One of my favorite sounds is of the Hindi okay. It sounds like tikke, or tea-keh, and I always hear it along the visual of an aunty’s neck and hand movement.
Don and I went to India on different trips and for different reasons, yet both of our experiences there have increased our understanding of why literacy is so vital. I think travel everywhere will do that, and maybe different places connect with each of us differently.
As for me, I love a good snack! If you’re a snacker too, I think you’ll enjoy this post.
First let’s talk about panipuri. Panipuri is a simple and simply delicious street food you’ll find in India. You will see the fragile ball-shape pastry in glass cases on street-carts, with different sauce offerings and toppings.
Now, Delhi belly doesn’t only happen in Delhi, so if your tummy isn’t quite used to water in foreign lands, you might want to opt for a café panipuri experience.
Putting panipuri together is really fun. You crack the top of the pastry ball gently, fill it with contents of your choice, and eat it up!
I could go on and on about snacks in India. The vibrancy of the colors and flavors is exciting and refreshing, and it just reminds me of food experiences in other places. Although I have yet to travel the world, I have been in enough places to notice that food brings people together. For the moment when hunger is at the forefront of our minds, and that moment when those flavors touch our tastebuds and remind us to be thankful for every morsel we eat…in those moments I think we forget everything else; even if only for a few seconds.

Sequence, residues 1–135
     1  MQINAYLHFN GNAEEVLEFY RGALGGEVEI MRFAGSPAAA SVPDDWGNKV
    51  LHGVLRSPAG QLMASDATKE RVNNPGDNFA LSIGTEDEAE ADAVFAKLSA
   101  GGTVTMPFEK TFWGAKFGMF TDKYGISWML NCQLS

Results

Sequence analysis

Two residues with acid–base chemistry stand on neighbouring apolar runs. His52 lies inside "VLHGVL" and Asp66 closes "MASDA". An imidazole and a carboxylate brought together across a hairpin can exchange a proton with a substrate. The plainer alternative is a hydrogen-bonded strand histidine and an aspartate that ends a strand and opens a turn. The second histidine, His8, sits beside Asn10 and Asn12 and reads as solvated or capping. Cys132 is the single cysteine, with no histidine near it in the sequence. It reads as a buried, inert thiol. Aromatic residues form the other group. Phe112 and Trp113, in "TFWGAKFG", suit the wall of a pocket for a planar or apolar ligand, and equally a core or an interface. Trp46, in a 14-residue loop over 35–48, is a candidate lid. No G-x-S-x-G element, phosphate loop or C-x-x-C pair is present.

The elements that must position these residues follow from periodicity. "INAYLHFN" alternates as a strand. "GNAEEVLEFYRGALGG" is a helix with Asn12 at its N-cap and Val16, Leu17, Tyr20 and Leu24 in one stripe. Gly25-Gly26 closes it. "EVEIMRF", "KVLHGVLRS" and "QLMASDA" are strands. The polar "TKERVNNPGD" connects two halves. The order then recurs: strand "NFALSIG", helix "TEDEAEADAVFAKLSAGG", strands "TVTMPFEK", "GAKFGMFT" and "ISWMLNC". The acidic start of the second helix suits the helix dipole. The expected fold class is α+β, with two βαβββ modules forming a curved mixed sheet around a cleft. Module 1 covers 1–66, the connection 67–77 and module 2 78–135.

As a storyteller I love reading or making up tales to tell our children while they are eating. I find that in addition to those moments I mentioned above, being engaged in an imaginative story helps them travel with their minds in a way that is tangible through the food they are eating. Sure, they can’t touch the things that we create in the stories, but eating that food together, at the table, or under the tree, or in the car (or any other place of choice) while listening to a story, makes for a uniquely memorable experience.
Sometimes, instead of having a more serious delivery, I choose a more…chewy one, where I eat snacks with our children and make it part of the storytelling itself! I don’t know if it’s that I’m a grown up and it’s surprising to them to see me chew and talk at the same time, or if it’s that I look more relatable because that’s what they like to do too, but they seem to listen especially well. If you haven’t tried this yet, maybe you can give it a shot. Theek hai? Theek hai.
I will leave you with a few photographs of more snacks. Enjoy 🙂 Check us out as we walk in old Ahmedabad in between snacks.